In pictures: large-scale art comes to life in Meridians at Art Basel in Miami Beach

Curator Magalí Arriola walked us through some of her favourite pieces in the fair sector

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Brendan Fernandes, Contract and Release (2019-21) presented by Monique Meloche

“These were first presented at the Noguchi Museum [in New York], and they were inspired by props Isamu Noguchi designed for [the US dancer and choreographer] Martha Graham’s 1944 dance piece, Appalachian Spring. Noguchi’s sculptures were very stable and static, but these have movement and for Fernandes they’re about how the body is colonised—even through dance.”

Brendan Fernandes, Contract and Release (2019-21) presented by Monique Meloche

“These were first presented at the Noguchi Museum [in New York], and they were inspired by props Isamu Noguchi designed for [the US dancer and choreographer] Martha Graham’s 1944 dance piece, Appalachian Spring. Noguchi’s sculptures were very stable and static, but these have movement and for Fernandes they’re about how the body is colonised—even through dance.”

As collectors streamed into Art Basel in Miami Beach’s Meridians sector during the fair’s first VIP day on Tuesday, many came across an unexpected sight: dancers riding and moving among a set of abstract, minimalistic wooden sculptures. The piece, Contract and Release (2019-21) by Brendan Fernandes, is the only work in Meridians that is activated by performers. But many of the large-scale works selected for the section by the curator Magalí Arriola, the director of the Museo Tamayo in Mexico City, brim with distinctive figures and dynamism. Arriola walked us through some of her favourite pieces in Meridians.
Photographs by Eric Thayer

Janaina Tschäpe, Between Veils of Blue and Grey, a Forest (2021), presented by Sean Kelly

“She normally works at a smaller scale, but she’s one of the few artists I know of who actually started making much bigger pieces during the pandemic. She moved outside the city and had so much more space.”

Rebecca Manson, Gutter (2021) presented by Josh Lilley

“Rebecca has this catalogue of natural elements, and she makes them one by one and then assembles them. The result is this effect of arrested movement that is very dreamlike.”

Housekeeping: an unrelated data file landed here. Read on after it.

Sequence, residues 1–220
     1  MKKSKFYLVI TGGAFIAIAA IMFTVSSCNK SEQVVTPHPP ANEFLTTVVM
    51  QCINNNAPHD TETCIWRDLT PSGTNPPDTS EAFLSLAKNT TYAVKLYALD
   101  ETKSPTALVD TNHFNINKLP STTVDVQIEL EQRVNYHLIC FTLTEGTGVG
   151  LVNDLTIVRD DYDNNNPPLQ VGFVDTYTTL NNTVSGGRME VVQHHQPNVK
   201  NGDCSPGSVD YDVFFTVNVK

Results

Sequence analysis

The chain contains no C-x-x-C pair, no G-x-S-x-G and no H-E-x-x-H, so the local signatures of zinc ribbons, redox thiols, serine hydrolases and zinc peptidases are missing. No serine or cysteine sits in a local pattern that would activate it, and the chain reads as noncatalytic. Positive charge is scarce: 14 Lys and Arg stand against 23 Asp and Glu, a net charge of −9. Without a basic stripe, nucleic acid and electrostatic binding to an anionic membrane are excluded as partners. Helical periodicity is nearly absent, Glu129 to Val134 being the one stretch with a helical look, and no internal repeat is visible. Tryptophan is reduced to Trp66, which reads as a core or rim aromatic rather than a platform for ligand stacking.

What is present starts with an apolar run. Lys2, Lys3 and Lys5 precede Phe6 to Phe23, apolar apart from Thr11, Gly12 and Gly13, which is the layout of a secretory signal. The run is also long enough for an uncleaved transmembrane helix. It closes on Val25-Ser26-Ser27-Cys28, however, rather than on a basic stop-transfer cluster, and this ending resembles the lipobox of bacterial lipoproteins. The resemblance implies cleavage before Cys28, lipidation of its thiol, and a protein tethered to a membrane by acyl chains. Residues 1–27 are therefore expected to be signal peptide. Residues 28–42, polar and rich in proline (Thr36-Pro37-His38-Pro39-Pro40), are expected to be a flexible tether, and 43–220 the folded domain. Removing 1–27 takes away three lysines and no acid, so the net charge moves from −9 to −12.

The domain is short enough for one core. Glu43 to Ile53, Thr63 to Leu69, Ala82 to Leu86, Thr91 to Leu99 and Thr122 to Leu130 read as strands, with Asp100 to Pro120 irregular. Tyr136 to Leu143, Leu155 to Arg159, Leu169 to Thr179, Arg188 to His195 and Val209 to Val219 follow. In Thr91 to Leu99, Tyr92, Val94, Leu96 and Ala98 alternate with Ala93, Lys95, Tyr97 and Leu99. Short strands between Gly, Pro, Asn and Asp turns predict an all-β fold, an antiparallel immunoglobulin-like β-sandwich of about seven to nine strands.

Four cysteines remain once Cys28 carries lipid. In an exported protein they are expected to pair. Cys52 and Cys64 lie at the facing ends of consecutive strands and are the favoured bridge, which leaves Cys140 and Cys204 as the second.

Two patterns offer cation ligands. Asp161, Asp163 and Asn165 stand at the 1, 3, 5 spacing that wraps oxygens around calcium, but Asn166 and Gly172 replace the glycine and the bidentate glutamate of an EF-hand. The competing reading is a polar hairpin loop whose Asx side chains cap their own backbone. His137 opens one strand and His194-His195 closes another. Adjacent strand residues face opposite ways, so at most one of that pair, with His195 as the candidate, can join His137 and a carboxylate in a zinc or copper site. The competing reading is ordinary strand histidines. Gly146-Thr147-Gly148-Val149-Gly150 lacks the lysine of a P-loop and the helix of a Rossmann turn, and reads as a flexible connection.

Maxwell Alexandre, Untitled [New Power Series] (2021) presented by A Gentil Carioca

“This work is from a series that references a type of black paper that was used in Brazil to make identification cards—to whitewash and police Black and brown bodies. The images include these young students in public school uniforms looking at art, so it’s also about the power structures of museums.”


Sadie Laska, Untitled (2021) presented by Ceysson & Bénétière

“She used to work a lot more with abstraction but this has very clear references to banners and flags. She told me that was something that came out of the pandemic; she started sewing and working much more manually. She started to work with flag fabrics she ordered online and found fabrics she recycled, and it’s really about recovering the banner as a medium for social demonstrations.”

Jacqueline de Jong, De achterkant van het bestaan (The backside of existence) (1992) presented by Pippy Houldsworth

“She was one of very few women artists in the Situationist International movement. This work is much later, from 1992; it was commissioned by the Dutch National Bank and it was meant to divide the tellers from the customers, but also to create a sense of continuity because it is double-sided.”

Yinka Shonibare CBE, Moving Up (2021) presented by James Cohan

“This piece is a reference to the Great Migration, when so many people were moving from the South of the US looking for better opportunities and better jobs. And it is about the contrast between that climbing and then, on the other side of these very Western, Baroque stairs, there’s nothing.”

Vaughn Spann, Rover (2021), presented by David Castillo and Almine Rech

“This is from his Dalmatian series, which is a reference to that breed of dog, which is a pop culture reference of course, but also for him a reference to something that is very economically codified and belongs to white upper-class families.”

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